Made in FLA: In Full Bloom
Through romantic floral designs, a Jacksonville photographer gives new meaning to the phrase “flower power”
It was an inundation of “Get Well Soon” floral arrangements that led Ashley Woodson Bailey to start photographing flowers. She was recovering in 2012 from a horrific car crash—one that not only resulted in a broken back but also forced her to give up her full-service floral and event design company in Austin, Texas. “To entertain my brain, I started photographing the flowers that people would bring me, because I was on a lot of painkillers and couldn’t retain anything,” she recalls of her seven-month recovery. “I knew if I took a picture, I could always go back to it.”
As her health improved, she began playing around with the idea of turning these floral pictures into artwork. Her main hang-up: She wasn’t sure people would buy them. Not to mention they were all shot and edited on her phone. Luckily, her images transitioned seamlessly from the screen into the art world. “It was so beautiful I cried,” she says of seeing her first print, which she dubbed Dutch Love. Its romantic combination of amaryllises, roses, carnations, peonies, daffodils and lisianthus has gone on to become one of her most popular images.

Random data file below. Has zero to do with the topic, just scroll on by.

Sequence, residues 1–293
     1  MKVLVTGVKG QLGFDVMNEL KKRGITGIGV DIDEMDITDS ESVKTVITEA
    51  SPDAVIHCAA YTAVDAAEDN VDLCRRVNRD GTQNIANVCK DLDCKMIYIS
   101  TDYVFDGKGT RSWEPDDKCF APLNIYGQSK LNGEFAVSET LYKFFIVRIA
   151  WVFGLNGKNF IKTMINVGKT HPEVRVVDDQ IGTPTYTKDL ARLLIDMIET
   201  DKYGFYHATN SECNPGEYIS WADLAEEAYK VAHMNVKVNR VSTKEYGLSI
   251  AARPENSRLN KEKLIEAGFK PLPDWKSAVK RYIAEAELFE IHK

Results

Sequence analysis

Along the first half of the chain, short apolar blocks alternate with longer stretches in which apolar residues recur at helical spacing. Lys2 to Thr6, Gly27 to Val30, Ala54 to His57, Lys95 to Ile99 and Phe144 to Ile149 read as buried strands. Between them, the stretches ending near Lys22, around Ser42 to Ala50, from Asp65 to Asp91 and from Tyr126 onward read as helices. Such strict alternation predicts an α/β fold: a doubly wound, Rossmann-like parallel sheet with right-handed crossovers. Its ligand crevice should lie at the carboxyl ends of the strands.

After seeing how well Dutch Love turned out, Bailey realized that her vision of starting a floral printing business could become a reality. In early 2014, she officially launched her company with a collection of prints. “The photographs started out really dark and romantic and moody, and I think that probably had a lot to do with my mental state at the time,” she explains of her original designs. As soon as her business debuted, her floral art business took off, gaining the attention of design blogs and magazines.
Last year, Bailey relocated to Jacksonville after falling in love with it on a trip to visit family. While the overall aesthetic of her work continues to evoke an old-fashioned and romantic feeling, living in Florida’s sunshine has influenced her: “Now that I’m in Florida, everything is turning a little bit brighter, which is fun for me because I didn’t ever really do that before,” she says. “It feels very light and bright and happy here, so that has influenced my work a lot.”
Her art has also evolved and expanded beyond just prints, as her floral designs have been turned into dreamy wallpaper, upholstery fabric and even clothing, including pajama sets and robes. Bailey has collaborated with other designers like Savannah-based Brooke Atwood, and she took her four-year-old business international by working with Australian children’s brand Hubble + Duke. Despite her success, Bailey hasn’t stopped shooting most projects on her phone. “I still like the way they turn out,” she says.
“It’s been awesome, and it was very unexpected,” she says of her career as a florist-turned-floral-photographer. “That very sad thing happened, but it brought all of this amazing beauty into my life.” awblove.com